NEW YORK -- The Stevens Indicator, the alumni magazine of the school from which I received an ME (Mechanical Engineer) degree more than 30 years ago, includes a list of new faculty each year. The current issue profiles the 15 appointed in 2000-2001.
Here are the names by department: Electrical and Computer Engineering: Edward Blicharz, Rajarathnam Chandramouli, Hong Man, K.P. Subbalakshmi, Uf Tureli; Chemistry and Chemical Engineering: Svetlana Sukhishvili, Olga Maltseva, Nicolai Panikov; Mathematical Sciences: Darinka Dentcheva, Mohammad Abanjeh; Systems Engineering and Management: John Farr, John Keating, Robert Seymour, Bernard Skown, Robert Stinerock.
That is part of today's reality in American hard-sciences scholarship and achievement. The teachers in that group all did their graduate work at American universities, where by some estimates more than half of the doctorates in the hard sciences now are earned by foreigners. Their undergraduate degrees are from, among other places, the University of Madras, Humboldt University in Berlin, the University of Suzhou, Ural State at Sverdlosk, Moscow State University, Indian Institute of Sciences, Bangalore and Yarmouk University in Irbid, Jordan.
It is not, strictly speaking, a new reality. Albert Einstein, after all, did not do his undergraduate work at Princeton. He was, like many of the Nobel Prize winners who helped make the University of California the greatest of public schools, a refugee from the Europe Hitler conquered. Like some of the new professors at Stevens, his English may not have been perfect, but he spoke an international language called mathematics.
Already, two Indian-Americans -- Hargobind Khorana of Harvard and Subramanian Chandrasekhar of the University of Chicago -- are Nobel laureates.
Indian-Americans, in fact, are among the most educated citizens and residents in our country. Over the past 25 years, Indian-American children have been three times as likely to graduate from college as white American children. Perhaps most important in terms of what the future will look like in the United States, the percentage of Indian-Americans who are between the ages of 18 and 24 is five times more than the percentage of white Americans who are between those ages.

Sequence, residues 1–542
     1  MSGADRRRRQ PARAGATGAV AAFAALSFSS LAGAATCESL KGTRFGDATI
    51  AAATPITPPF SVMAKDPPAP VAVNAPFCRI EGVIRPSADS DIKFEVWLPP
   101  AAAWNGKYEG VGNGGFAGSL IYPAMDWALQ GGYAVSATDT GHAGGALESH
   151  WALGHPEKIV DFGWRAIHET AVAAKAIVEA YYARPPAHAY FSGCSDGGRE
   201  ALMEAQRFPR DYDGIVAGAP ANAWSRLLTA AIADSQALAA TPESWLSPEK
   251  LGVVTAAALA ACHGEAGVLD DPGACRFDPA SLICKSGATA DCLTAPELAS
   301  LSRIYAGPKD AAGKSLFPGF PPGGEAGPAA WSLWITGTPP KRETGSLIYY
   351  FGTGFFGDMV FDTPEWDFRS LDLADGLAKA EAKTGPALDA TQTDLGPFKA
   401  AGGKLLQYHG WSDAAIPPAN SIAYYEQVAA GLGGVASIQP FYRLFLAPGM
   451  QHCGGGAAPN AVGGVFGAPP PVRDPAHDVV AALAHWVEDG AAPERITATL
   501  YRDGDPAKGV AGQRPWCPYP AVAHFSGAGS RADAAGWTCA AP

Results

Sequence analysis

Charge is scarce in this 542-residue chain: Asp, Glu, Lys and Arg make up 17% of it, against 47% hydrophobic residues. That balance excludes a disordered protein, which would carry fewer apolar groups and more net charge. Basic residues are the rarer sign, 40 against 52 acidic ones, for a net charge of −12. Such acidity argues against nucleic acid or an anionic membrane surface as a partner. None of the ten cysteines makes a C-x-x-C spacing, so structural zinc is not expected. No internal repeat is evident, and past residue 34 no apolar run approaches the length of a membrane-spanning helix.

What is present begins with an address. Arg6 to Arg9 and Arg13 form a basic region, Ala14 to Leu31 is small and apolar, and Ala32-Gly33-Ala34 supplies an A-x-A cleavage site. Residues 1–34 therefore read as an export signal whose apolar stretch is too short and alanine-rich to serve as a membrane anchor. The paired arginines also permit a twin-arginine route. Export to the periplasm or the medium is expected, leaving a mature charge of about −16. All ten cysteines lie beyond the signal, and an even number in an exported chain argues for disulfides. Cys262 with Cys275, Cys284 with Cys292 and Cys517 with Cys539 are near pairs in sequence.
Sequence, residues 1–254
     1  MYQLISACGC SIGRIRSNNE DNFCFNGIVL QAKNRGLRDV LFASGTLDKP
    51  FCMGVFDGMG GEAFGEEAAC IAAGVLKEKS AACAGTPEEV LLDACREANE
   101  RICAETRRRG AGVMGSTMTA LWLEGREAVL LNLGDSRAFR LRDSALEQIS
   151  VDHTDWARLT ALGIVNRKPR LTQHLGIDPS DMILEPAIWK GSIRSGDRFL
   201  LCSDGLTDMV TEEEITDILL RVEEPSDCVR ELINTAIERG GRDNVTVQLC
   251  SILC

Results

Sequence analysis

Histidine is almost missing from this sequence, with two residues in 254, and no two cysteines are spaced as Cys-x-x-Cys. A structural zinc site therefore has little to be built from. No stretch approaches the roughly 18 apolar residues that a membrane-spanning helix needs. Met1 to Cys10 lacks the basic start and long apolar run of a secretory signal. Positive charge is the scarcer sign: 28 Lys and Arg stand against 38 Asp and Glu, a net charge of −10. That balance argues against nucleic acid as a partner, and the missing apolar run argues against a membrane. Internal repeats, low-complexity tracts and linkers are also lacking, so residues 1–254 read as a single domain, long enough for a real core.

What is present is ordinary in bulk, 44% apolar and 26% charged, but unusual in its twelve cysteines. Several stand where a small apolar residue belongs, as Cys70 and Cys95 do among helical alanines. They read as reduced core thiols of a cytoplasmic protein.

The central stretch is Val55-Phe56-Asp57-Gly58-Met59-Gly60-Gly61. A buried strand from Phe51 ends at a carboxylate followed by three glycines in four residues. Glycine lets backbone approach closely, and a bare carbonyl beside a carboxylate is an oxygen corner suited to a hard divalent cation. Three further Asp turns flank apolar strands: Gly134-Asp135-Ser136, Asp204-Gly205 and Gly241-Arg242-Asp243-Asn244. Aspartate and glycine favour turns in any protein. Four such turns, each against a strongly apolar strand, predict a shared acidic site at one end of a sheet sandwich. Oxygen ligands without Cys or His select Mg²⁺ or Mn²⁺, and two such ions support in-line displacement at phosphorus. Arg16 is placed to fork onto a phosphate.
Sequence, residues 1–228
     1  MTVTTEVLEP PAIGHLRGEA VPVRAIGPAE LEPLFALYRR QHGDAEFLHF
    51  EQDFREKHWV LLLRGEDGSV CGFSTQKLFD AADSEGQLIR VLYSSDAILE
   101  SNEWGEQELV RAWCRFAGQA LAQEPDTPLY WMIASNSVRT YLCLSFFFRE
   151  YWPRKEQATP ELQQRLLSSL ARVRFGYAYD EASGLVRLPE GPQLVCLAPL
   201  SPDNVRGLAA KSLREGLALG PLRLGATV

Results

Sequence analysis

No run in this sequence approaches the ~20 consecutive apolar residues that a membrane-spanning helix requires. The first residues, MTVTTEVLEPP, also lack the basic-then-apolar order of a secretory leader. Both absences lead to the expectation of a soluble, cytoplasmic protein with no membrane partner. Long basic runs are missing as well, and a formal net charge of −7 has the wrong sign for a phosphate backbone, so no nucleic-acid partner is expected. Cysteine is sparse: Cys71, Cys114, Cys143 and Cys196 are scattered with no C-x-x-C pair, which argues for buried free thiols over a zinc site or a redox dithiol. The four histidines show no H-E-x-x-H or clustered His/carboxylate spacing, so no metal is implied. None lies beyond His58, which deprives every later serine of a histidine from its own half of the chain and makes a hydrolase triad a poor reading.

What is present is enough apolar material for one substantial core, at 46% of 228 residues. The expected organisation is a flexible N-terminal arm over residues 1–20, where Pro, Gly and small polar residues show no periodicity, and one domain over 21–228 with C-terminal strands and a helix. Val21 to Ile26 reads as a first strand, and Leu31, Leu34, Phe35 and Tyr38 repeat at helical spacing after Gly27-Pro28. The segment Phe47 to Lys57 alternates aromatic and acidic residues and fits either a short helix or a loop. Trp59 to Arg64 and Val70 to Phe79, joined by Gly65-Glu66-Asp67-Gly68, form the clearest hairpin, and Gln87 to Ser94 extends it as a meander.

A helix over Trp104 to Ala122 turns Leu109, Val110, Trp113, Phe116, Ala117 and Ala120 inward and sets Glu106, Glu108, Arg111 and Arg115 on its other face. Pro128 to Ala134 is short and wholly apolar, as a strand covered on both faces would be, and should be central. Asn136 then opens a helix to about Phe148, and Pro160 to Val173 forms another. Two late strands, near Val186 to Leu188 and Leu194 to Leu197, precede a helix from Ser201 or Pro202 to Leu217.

The traffic in highly educated young men and women from Asia to the United States is a complicated business. Estimates of the numbers of graduates from American schools of science and technology who stay in the United States rather than returning home range from 50 percent to 80 percent; one of the things that complicate statistics is love and marriage. Many foreign students end up with American husbands or wives.
Many Indians, though, decide to go home after working here for a few years. There are more opportunities at home now because of the global economy and evolving communications technology, which allow them to do the same kind of work and teaching they can do in the United States or Europe. Many go back because "family values" mean so much less here than in Asian societies. Some, particularly Chinese, go back for patriotic reasons: They want to share in the building of their own countries.
You can say that these "aliens" are taking jobs from our kids and other Americans, but how many of our kids are accomplished in stochastic optimization, as is Dr. Dentcheva, or three-dimensional sub-band video-coding algorithm, as is Dr. Man? Or, you could say that we are stealing the best and the brightest from the rest of the world, particularly Russia and the poorer parts of Asia.
Either way, I think, American wins. This is a meritocracy. Most of these people are doing jobs that very few Americans can do, just as many other immigrants (many of them illegal) from Mexico and Central America are doing jobs Americans don't want to do -- like scrubbing dishes in restaurants plain and fancy.
The advances made by educated new immigrants have caused pessimists here to conclude that the "American Dream" is dead. The opposite is true. The American Dream belongs to the whole world now.
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